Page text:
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Drivers of large vehicles are the latest to feel the wrath of the anti-texting movement

Driving is a privilege that most Americans take for granted. We drive to work, we drive to see family, and we run errands on the weekend to Home Depot or fend off soccer moms in their minivans at Target. However, technology continues to invade not only our lives, but also our vehicles, which is making the normally mundane act of driving more challenging.

From GPS units to cell phones to SYNC in-car infotainment systems, U.S. drivers have found new ways to distract themselves while driving thanks to technology (not to mention other favorites such as applying makeup, eating, reading the newspaper, etc.). Texting while driving is the latest craze to infect drivers and states around the country are swiftly implementing laws to make such activities illegal. Texting is already banned in 19 states, and 23 states are currently prepping their own laws to tackle the problem.

"Legislators are looking to see if it (texting) is enough of a safety issue that they need to intervene," said Anne Teigen told the USA Today. Teigen is a transportation specialist for the National Conference of State Legislatures. "They often get involved because there's a high-profile accident that had to do with texting. Also, because everybody has a cellphone now."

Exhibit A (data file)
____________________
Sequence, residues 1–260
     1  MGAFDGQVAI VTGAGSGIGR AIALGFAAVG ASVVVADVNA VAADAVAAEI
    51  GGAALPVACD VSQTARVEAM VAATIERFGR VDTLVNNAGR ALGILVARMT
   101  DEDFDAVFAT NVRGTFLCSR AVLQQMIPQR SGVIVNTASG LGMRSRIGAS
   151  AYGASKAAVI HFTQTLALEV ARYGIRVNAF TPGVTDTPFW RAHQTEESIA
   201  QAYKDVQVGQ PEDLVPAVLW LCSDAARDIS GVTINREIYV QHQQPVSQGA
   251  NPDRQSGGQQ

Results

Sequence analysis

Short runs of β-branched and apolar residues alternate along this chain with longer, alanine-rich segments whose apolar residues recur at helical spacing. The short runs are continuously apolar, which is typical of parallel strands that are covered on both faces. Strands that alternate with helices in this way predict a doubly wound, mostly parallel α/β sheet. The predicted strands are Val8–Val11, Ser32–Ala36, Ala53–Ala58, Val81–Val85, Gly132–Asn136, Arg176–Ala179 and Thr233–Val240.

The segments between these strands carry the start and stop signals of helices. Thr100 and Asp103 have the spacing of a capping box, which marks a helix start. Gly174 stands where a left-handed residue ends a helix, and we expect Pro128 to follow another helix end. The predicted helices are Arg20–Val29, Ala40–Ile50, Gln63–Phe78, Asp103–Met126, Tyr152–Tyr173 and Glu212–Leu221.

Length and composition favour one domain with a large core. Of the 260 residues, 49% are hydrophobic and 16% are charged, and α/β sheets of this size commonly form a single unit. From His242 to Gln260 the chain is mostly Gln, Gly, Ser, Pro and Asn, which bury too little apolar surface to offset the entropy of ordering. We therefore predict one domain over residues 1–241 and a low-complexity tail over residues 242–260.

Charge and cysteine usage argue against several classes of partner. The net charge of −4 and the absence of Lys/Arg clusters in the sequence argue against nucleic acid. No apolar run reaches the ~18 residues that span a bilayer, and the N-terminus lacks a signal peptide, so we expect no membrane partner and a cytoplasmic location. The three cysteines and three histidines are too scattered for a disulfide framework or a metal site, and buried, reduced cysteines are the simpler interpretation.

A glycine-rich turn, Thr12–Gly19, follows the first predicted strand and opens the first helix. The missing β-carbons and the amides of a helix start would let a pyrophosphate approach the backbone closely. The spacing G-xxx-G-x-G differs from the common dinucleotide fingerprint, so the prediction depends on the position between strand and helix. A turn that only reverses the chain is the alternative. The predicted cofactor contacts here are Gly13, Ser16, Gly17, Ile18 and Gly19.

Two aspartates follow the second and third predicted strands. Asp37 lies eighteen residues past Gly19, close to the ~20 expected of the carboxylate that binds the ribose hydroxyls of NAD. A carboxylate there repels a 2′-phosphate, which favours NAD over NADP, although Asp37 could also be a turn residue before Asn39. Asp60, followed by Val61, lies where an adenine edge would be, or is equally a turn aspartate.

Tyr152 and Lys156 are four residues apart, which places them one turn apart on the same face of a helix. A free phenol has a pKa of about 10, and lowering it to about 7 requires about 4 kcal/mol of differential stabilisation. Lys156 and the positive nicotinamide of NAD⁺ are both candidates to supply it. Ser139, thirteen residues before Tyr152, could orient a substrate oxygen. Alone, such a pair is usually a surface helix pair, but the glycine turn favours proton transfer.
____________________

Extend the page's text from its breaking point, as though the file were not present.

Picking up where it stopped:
While states are currently going it alone in drafting "no texting while driving" laws, there are a few nationwide texting bans that drivers should heed. President Obama issued an executive order at the close of 2009 banning all federal workers -- rather, those on the job -- from texting while driving. The ban affects roughly four million federal workers.

Now a new, federal ban is coming down from the U.S. government. The latest nationwide texting ban applies to drivers of big rigs and buses. "We want the drivers of big rigs and buses and those who share the roads with them to be safe," said Transportation Secretary Ray LaHood. "This is an important safety step and we will be taking more to eliminate the threat of distracted driving."

Drivers that choose not to abide by the new law face a fine of $2,750.

The bans from both the states and the U.S. government come on the heels of numerous studies which point out the dangerous consequences of texting and driving. A study by the University of Utah showed that drivers that text behind the wheels are six times more likely to be involved in a collision. The National Security Council notes that roughly 200,000 accidents are caused each drivers who text behind the wheel.

However, it's wishful thinking to believe that nationwide texting bans are going to stop people from partaking in America's favorite electronic pastime. Reuters has previously reported that teens aren't persuaded to stop their texting addictions just because there are laws on the books to prohibit the act.